Before describing a future, we first need to look back at what came before it.
Useful images of the future are rooted in the momentum and arcs of the time they emerge from. They are anchored in the past, but do not just extend the same logic and trends forward into a prolonged version of business-as-usual.
They explore how the actions and logic of the recent past and present could continue to unfold, develop, and collide to allow something new to emerge.
Get a good, long run up
How far forward are you looking into the future?
Look twice as far back as you intend to look forward. For a 5 year strategic plan, get a sense of how the company and its context has changed over the past 10 years. For a 10 year transition to achieve carbon neutrality, look at your relationship with carbon over the past 20 years.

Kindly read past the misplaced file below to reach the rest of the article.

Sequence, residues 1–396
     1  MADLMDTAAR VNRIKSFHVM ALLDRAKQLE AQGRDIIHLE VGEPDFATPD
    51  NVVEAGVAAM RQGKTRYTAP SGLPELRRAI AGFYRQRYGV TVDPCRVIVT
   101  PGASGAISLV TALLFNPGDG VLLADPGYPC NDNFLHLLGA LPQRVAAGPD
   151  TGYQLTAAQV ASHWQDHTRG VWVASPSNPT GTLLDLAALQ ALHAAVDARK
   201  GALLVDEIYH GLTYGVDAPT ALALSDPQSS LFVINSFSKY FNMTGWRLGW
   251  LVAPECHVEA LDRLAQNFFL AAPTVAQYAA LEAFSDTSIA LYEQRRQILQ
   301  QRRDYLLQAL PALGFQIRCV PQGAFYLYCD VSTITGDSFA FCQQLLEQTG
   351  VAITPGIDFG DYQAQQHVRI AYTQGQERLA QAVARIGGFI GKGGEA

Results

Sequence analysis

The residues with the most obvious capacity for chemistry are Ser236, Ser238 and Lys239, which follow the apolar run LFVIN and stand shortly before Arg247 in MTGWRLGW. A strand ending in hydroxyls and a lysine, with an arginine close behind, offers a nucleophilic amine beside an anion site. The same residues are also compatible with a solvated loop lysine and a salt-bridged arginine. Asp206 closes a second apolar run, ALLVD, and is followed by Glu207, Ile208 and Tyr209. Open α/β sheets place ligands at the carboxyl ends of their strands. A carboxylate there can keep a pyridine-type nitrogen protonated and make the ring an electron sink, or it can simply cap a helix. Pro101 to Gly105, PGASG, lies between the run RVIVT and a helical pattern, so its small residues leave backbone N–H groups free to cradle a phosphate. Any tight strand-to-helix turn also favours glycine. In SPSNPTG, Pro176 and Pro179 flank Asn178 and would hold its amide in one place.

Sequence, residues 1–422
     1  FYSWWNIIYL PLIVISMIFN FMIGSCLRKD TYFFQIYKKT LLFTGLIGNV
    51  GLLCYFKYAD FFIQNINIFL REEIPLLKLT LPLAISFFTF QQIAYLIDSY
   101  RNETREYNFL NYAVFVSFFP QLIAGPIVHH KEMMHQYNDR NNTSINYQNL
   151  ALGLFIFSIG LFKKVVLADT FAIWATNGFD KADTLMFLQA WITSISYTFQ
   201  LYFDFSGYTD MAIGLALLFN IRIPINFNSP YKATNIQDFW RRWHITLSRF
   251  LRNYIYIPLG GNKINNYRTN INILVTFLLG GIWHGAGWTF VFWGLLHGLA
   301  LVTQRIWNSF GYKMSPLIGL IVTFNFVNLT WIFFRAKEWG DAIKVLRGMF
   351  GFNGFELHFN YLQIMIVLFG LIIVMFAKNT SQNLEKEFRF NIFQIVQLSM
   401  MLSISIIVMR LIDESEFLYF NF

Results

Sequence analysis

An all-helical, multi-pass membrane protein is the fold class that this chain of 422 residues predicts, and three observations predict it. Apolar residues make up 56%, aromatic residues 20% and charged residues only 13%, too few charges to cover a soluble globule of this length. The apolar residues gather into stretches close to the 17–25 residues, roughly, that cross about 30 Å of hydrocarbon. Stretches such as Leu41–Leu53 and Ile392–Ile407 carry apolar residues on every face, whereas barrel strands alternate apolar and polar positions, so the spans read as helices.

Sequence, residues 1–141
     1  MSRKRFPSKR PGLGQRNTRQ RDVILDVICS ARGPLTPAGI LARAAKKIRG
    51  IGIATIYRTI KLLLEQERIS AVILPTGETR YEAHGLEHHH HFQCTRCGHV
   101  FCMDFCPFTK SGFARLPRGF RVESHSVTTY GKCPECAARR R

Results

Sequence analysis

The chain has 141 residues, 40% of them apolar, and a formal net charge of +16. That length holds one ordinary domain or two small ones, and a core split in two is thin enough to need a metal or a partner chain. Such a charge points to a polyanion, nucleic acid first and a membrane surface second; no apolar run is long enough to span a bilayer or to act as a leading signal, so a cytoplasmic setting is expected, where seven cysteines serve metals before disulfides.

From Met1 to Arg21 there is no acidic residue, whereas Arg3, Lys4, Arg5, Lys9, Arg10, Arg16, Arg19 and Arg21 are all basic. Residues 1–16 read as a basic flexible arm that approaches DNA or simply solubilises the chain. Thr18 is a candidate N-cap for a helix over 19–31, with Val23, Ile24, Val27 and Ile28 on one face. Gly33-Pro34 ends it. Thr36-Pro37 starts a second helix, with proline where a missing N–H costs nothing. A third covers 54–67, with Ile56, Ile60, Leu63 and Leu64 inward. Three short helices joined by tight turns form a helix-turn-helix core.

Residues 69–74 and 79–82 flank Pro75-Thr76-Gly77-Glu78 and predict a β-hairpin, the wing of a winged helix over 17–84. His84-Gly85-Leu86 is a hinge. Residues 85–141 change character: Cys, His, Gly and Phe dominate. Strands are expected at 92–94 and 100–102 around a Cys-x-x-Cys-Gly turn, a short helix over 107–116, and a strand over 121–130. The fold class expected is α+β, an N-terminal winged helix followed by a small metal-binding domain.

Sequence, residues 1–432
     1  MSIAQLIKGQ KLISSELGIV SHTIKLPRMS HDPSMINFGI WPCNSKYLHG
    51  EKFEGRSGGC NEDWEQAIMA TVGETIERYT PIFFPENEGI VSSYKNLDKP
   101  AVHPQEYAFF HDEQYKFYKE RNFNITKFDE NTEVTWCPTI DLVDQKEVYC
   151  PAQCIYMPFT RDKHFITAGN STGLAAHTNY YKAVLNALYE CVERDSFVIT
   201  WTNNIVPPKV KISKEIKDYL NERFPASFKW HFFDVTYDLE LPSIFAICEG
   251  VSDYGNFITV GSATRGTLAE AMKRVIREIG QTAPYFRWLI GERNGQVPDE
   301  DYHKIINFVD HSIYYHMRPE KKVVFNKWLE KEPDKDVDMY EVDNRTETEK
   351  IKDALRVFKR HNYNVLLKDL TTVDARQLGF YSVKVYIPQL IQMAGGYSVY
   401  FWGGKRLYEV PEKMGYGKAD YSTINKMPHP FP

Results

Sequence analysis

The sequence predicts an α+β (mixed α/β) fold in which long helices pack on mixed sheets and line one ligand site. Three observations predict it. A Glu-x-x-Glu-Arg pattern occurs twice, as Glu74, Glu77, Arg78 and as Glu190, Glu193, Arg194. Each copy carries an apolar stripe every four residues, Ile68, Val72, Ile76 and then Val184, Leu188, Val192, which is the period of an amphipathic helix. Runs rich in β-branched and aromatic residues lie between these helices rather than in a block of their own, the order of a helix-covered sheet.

Notice patterns that emerge and repeat, what disrupts, and the speed of change.
Connecting the past to your futures
Some of your scenarios will feel quite different from the past that came before them. To strengthen the connection between these states, consider:
How does this image of the future extend from the present?
What seeds of this future can you see around you today that could provide momentum and energy for this transition?
Who’s view of the past have you considered? Can you enrich and deepen your understanding of the past by viewing it from another perspective?
What would need to be true for this future to emerge?
Deepening your understanding of the past extends the range of stories you can tell about the future that feel both true and hopeful. And right now we need more hopeful futures.